The Royal Court has announced its autumn 2009 season, which includes new works from British playwrights Mike Bartlett, Tim Crouch, Lucy Prebble and Michael Wynne. The new season also features a week of events to mark 40 years of the Jerwood Theatre Upstairs as well as the appointment of Jeremy Herrin as the venue's new deputy artistic director.

As previously reported, Lucy Prebble's new play ENRON, directed by Rupert Goold, will open the season in the Jerwood Theatre Downstairs (See News, 3 Apr 2009). A co-production with Headlong Theatre and Chichester Festival Theatre, it premieres in Chichester from 11 July to 29 August 2009 before transferring to the Court from 22 September to 7 November (previews from 17 September).

ENRON re-imagines the story of the recent collapse of the high-profile US financial institution, and features a cast led by Samuel West, Amanda Drew, Tim Pigott-Smith and Tom Goodman-Hill (See News, 11 May 2009). Writer Prebble is a former member of the Court's Young Writers Programme and won the George Devine award for her play The Sugar Syndrome, which premiered at the venue in 2004.

It's followed in the Theatre Downstairs by Michael Wynne's new comedy The Priory, directed by  Jeremy Herrin. The play, which runs from 26 November to 9 January 2010 (previews from 19 November) centres on a group of successful thirty-somethings who retreat to a converted rural priory to celebrate New Year.

Director Herrin is being promoted from his current role as associate director to become the venue's new deputy artistic director. A representative of the Royal Court told Whatsonstage.com that, as well as directing plays, Herrin will have responsibilities for “specific artistic projects, administrative and fund-raising duties, and also … to cover any of Dominic Cooke's official duties when he is away or in rehearsals”. Previous incumbents of the role include Jules Wright, Nicholas Wright and Danny Boyle.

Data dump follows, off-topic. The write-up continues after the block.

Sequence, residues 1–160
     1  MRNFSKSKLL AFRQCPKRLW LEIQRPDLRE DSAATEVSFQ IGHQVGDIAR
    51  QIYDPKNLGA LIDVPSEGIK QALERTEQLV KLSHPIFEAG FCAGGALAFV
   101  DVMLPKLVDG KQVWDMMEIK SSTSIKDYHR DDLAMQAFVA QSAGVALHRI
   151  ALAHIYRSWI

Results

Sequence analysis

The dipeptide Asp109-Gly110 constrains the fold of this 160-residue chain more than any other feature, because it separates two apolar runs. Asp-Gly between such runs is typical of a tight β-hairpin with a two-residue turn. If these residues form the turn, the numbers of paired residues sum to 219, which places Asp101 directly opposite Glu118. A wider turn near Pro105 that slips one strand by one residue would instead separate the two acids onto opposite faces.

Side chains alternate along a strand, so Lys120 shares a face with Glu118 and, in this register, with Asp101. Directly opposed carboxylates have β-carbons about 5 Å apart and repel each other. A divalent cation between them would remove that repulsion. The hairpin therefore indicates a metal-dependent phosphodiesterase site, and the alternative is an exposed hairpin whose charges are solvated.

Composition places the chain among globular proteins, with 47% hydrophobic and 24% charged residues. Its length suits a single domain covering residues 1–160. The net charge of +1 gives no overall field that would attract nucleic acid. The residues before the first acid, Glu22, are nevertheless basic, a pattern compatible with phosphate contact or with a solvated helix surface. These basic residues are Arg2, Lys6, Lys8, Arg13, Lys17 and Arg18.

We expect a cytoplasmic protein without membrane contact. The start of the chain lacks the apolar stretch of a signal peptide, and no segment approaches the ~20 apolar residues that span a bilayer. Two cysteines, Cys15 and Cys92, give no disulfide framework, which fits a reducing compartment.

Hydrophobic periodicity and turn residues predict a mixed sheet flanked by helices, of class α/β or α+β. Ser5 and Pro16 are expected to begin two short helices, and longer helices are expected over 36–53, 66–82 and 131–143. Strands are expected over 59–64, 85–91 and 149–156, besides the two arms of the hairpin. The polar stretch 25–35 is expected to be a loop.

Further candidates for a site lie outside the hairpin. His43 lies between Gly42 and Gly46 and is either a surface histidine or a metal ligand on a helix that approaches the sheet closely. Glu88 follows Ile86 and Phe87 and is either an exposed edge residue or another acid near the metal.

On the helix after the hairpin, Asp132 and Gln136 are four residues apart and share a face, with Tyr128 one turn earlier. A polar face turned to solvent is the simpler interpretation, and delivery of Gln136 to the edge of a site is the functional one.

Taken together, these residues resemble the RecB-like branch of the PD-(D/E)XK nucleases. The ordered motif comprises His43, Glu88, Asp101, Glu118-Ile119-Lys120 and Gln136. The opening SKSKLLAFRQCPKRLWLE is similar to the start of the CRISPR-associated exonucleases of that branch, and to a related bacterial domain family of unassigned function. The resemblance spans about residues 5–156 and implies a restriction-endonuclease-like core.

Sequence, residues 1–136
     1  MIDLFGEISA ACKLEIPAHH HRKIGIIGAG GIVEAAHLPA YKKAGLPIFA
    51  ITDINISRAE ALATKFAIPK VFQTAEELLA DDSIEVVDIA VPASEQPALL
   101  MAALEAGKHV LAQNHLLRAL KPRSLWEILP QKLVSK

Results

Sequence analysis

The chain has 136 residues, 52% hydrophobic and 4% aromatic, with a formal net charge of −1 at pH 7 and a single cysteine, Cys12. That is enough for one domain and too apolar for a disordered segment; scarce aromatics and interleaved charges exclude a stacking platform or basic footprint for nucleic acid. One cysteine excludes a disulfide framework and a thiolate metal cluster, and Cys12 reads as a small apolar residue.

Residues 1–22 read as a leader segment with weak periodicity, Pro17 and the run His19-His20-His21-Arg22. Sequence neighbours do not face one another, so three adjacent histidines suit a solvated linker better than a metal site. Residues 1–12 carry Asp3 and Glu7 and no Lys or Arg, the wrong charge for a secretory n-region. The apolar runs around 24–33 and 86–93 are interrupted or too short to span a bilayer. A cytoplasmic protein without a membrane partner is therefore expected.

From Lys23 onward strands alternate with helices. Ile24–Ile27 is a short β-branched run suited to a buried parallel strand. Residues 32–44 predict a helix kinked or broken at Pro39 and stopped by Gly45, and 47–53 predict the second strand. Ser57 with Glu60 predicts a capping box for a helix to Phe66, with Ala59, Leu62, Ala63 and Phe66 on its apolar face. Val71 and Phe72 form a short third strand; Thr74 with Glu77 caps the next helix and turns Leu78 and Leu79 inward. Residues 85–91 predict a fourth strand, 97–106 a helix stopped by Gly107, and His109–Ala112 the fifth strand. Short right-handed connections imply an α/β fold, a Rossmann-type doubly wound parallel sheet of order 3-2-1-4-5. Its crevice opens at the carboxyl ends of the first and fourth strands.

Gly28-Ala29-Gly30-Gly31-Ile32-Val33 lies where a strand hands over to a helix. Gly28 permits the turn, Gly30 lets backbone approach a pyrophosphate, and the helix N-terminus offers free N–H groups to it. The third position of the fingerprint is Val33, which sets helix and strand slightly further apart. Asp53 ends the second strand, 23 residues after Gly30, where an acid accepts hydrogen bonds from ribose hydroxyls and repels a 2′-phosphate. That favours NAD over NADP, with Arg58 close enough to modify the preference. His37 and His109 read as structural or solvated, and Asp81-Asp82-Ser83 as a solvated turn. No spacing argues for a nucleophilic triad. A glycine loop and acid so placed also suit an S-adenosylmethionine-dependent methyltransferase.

On 15 November 2009 a special evening will be held in the Theatre Downstairs to celebrate the life and works of John Mortimer, who died in January this year (See News, 16 Jan 2009). Details of the evening, which is titled John Mortimer at the Court … and Later at the Bar, are still to be announced.

40 Years Upstairs

To mark 40 years of the Jerwood Theatre Upstairs, which was opened in 1969 after the conversion of a cabaret bar above the main theatre, the autumn season includes a week of events entitled Get Upstairs, which is held from 2 November.

The Theatre Upstairs, which was the first studio theatre of its kind, has staged some of the most important new plays of recent times, including The Rocky Horror Show, Road, Blasted, The Weir, East is East and That Face. Details of the events are still to be announced.

The autumn season, billed as a celebration of “the past, present and future of one of the most influential places in British theatre”, kicks off with Tim Crouch's The Author - "a formally inventive piece which takes the Jerwood Theatre Upstairs as its setting and explores how far the artist, or indeed the audience, is prepared to go in the name of art”. Crouch himself will be among the cast, and the production, which is directed by “Karl James and a smith” runs from 29 September to 24 October (previews from 23 September). Writer/performer Crouch's recent works include England, which was staged at the Whitechapel art gallery in May.

The Author is followed by Mike Bartlett’s new play Cock, which examines the categorisations of sexuality and features a young man who must choose between his ex-boyfriend and “the woman of his dreams”. It runs from 18 November to 19 December (previews 13 November). Bartlett's previous plays for the Court include Contractions, My Child and Artefacts.

Also in the Theatre Upstairs, the Royal Court's International Department presents an evening of New Writing From Nigeria, on 31 October, featuring a presentation of extracts followed by a panel discussion about the impact of new writing for the theatre in modern-day Nigeria.

Announcing the new season, Royal Court artistic director Dominic Cooke said: "This season sees the Royal Court doing exactly what we are here to do - producing provocative new plays by exciting young writers ... In troubled times, the need to come together and share our experiences becomes stronger than ever, which is why it is so thrilling to see four of Britain's most exciting writers engage with the world, personally and politically."